In both conference finals, the more experienced, veteran team won. Obviously, in the world of sports, there gets to be a moment when an athlete or team becomes too old, but that isn’t the case with Dirk’s Mavericks and LeBron’s Heat. They are in – or very close to – their prime, while the teams they beat are simply, well, too young.
Over the last 30 years, no team has won the NBA Championship with a avergage age under 26. The average age of the Oklahoma City Thunder? 23. The average age of the Chicago Bulls is 27.2, but their star, Derrick Rose, is 23. These team’s leaders are too young to win! Though both teams have great futures, we saw in the playoffs the challenges all young leaders face, regardless of their field of play.
- Wanting to Be Liked! Young (and new) leaders want to be liked by their collegues. They don’t know where the boundaries are yet, and even when they’re far more talented, it takes a while to become as assertive as you need to be in order to lead with success. Through the playoffs, we didn’t say Derrick Rose or Kevin Durant get in the face of their teammates. When the series was on the line against the Mavs, in the closing seconds, Durant didn’t have the ball! Could you imagine Jordan, Kareem, or Bird doing that? No! They set the expectations for thier team. If you didn’t meet the expectations, you paid the consequences. Leaders have to hold the team accountable for the goal, which means you won’t always be liked. And yes, sometimes this means asking the owner and/or GM to get rid of a player, who though talented, doesn’t show up in shape to play (think Kobe and Shaq).
- Seeking Help. One of the pitfalls of being talented is the illusion that you can do it alone. What the playoffs revealed is that no one besides Durant and Rose could be counted on when the game was on the line. Say what you will about Lebron, but he knew he couldn’t get past the Celtics on his own. He knew he needed help! Young and new leaders are slow to ask for help. If you feel that you’re sputtering as a leader, look around at your help. Is it the right help? If not, you might consider taking your talents to South Beach or going out and getting what you need.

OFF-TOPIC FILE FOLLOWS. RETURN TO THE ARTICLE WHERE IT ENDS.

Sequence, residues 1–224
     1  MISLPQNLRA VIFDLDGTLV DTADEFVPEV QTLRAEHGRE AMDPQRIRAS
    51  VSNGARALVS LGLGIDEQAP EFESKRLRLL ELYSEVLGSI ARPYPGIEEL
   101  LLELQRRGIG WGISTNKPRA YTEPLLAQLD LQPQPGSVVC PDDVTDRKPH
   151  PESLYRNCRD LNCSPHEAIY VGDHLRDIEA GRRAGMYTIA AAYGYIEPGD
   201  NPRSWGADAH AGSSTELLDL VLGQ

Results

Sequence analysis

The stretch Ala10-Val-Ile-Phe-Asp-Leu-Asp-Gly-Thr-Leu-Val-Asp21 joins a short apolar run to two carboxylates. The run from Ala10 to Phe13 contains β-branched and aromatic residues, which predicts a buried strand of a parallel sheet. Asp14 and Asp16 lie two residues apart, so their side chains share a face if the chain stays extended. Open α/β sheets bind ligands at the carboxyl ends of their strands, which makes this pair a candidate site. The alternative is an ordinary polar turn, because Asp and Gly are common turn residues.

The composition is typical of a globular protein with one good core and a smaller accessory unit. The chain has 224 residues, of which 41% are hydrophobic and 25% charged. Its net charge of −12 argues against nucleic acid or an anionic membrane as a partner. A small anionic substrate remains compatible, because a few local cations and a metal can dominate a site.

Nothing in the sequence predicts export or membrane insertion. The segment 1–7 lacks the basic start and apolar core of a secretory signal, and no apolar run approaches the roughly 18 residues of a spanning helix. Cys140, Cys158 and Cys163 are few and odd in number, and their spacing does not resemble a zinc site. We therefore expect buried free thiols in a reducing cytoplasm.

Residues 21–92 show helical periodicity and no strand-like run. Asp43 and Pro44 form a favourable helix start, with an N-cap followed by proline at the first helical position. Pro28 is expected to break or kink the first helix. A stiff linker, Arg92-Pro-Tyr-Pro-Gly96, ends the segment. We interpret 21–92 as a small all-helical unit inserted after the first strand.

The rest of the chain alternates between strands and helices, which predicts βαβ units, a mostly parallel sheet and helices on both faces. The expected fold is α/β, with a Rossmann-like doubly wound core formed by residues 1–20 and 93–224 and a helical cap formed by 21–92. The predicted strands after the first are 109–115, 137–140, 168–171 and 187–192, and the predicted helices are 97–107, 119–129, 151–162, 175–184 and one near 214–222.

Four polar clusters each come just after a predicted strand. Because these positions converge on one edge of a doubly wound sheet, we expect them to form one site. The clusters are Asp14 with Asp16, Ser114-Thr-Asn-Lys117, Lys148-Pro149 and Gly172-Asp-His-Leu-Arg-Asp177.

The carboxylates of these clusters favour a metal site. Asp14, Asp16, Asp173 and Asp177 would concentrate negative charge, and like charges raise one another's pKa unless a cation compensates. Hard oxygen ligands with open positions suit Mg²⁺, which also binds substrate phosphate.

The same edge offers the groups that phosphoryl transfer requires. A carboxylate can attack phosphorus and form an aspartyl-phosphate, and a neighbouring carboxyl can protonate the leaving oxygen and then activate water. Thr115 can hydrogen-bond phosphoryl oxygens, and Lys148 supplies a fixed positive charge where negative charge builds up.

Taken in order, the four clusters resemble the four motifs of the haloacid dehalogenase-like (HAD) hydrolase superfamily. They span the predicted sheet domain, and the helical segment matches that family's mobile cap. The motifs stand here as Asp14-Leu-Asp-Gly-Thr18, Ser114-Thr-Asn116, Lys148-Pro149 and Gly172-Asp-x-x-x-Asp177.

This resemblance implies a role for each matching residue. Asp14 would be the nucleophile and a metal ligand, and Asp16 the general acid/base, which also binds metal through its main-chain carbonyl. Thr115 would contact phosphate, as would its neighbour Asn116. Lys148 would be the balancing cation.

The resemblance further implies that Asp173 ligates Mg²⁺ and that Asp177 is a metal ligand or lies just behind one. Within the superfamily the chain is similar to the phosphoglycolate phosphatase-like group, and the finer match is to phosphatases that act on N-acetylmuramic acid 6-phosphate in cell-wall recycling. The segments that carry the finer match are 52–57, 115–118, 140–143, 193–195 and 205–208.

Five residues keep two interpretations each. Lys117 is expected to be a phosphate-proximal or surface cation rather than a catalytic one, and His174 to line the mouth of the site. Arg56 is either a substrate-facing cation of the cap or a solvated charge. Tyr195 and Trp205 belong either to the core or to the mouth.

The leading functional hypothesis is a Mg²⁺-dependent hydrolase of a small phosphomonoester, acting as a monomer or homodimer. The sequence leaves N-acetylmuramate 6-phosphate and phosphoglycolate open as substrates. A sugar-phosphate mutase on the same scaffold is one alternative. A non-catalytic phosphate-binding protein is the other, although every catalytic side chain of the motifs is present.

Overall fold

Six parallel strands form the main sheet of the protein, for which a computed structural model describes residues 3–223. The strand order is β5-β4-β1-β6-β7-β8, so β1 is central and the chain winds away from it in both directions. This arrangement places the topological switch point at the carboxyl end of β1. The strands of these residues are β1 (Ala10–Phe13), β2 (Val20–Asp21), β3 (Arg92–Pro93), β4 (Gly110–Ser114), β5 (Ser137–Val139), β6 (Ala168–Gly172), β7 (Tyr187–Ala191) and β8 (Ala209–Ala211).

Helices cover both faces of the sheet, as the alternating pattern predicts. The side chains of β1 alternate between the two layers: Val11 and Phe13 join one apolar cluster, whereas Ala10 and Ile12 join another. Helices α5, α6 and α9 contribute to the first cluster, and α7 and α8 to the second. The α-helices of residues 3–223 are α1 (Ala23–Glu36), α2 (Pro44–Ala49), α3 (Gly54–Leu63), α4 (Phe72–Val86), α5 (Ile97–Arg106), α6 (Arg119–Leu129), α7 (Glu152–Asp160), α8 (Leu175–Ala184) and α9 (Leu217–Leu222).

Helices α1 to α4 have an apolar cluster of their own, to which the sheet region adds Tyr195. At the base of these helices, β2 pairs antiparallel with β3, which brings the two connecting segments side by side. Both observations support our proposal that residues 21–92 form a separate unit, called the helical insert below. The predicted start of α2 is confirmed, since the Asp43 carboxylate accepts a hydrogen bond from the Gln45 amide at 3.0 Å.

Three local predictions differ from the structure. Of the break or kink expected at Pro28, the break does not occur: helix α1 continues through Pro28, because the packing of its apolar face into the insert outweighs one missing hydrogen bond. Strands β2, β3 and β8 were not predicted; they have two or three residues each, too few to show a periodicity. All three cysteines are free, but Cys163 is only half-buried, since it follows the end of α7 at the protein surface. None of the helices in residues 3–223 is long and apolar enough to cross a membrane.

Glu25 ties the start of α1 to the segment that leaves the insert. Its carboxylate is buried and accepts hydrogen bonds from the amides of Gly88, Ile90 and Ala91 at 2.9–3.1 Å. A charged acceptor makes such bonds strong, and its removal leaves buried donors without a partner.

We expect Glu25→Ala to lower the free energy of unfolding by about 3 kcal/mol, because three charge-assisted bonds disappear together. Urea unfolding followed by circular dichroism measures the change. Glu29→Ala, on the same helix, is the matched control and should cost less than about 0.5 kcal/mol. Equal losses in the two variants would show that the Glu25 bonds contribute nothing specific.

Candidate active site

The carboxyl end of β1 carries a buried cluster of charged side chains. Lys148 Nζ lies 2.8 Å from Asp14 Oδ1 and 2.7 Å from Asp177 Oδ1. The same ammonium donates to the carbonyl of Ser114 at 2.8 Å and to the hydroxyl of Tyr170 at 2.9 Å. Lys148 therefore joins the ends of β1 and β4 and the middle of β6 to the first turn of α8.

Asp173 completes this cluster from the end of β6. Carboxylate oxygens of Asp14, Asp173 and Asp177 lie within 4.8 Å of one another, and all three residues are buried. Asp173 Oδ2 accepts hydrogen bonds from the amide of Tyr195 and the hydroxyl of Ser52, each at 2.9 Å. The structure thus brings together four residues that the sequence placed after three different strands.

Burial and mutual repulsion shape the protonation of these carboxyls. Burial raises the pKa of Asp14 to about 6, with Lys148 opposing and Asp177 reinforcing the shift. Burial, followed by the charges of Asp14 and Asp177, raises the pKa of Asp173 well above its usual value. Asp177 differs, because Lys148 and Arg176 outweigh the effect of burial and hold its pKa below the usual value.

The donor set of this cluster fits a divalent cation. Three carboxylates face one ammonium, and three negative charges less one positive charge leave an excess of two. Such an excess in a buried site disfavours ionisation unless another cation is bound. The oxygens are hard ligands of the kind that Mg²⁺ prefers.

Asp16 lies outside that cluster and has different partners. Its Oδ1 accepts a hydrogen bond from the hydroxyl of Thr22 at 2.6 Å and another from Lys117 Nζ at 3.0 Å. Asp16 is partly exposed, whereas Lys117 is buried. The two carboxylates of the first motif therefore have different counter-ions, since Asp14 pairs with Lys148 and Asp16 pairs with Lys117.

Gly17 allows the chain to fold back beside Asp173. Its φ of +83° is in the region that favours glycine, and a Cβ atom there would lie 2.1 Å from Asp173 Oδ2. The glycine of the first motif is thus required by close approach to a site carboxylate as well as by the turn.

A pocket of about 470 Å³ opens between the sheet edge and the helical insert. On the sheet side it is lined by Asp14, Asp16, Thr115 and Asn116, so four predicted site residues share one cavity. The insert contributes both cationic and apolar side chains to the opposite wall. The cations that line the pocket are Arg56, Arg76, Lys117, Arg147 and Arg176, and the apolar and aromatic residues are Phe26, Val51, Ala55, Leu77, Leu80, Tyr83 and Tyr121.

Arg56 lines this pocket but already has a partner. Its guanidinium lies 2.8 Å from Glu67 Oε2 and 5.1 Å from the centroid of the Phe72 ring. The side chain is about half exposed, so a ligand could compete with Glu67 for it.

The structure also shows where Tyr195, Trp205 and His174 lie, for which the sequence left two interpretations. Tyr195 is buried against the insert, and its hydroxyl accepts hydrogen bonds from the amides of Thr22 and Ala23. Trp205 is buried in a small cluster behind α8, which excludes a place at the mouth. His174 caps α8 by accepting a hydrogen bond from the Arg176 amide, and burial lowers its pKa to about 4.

- Seizing Opportunity. Both Dirk and Lebron have been to the NBA Finals before and come up short. You can see it in the urgency with which they are playing. Young leaders think that they have more time than they actually do; that they’ll make it back. Not true! The opportunity you’re looking at right now may never come around again. Ask Dan Marino about that. When you get an opportunity, you gotta grab it.
- Demanding the Ball. As I mentioned above, in the closing seconds of Game 5, Kevin Durant, didn’t have the ball. That’s inexcusable! Real leaders want the ball; they accept the responsibility and shoulder the load. Weak leaders blame others. This doesn’t mean that you distrust your teammates, it means that when it’s on the line, you have confidence that God has shaped you for this moment, for this stage and you know you can deliver. In games 4 and 5, Dirk was quiet for much of the game, but in the closing moments, he demanded the ball and delivered.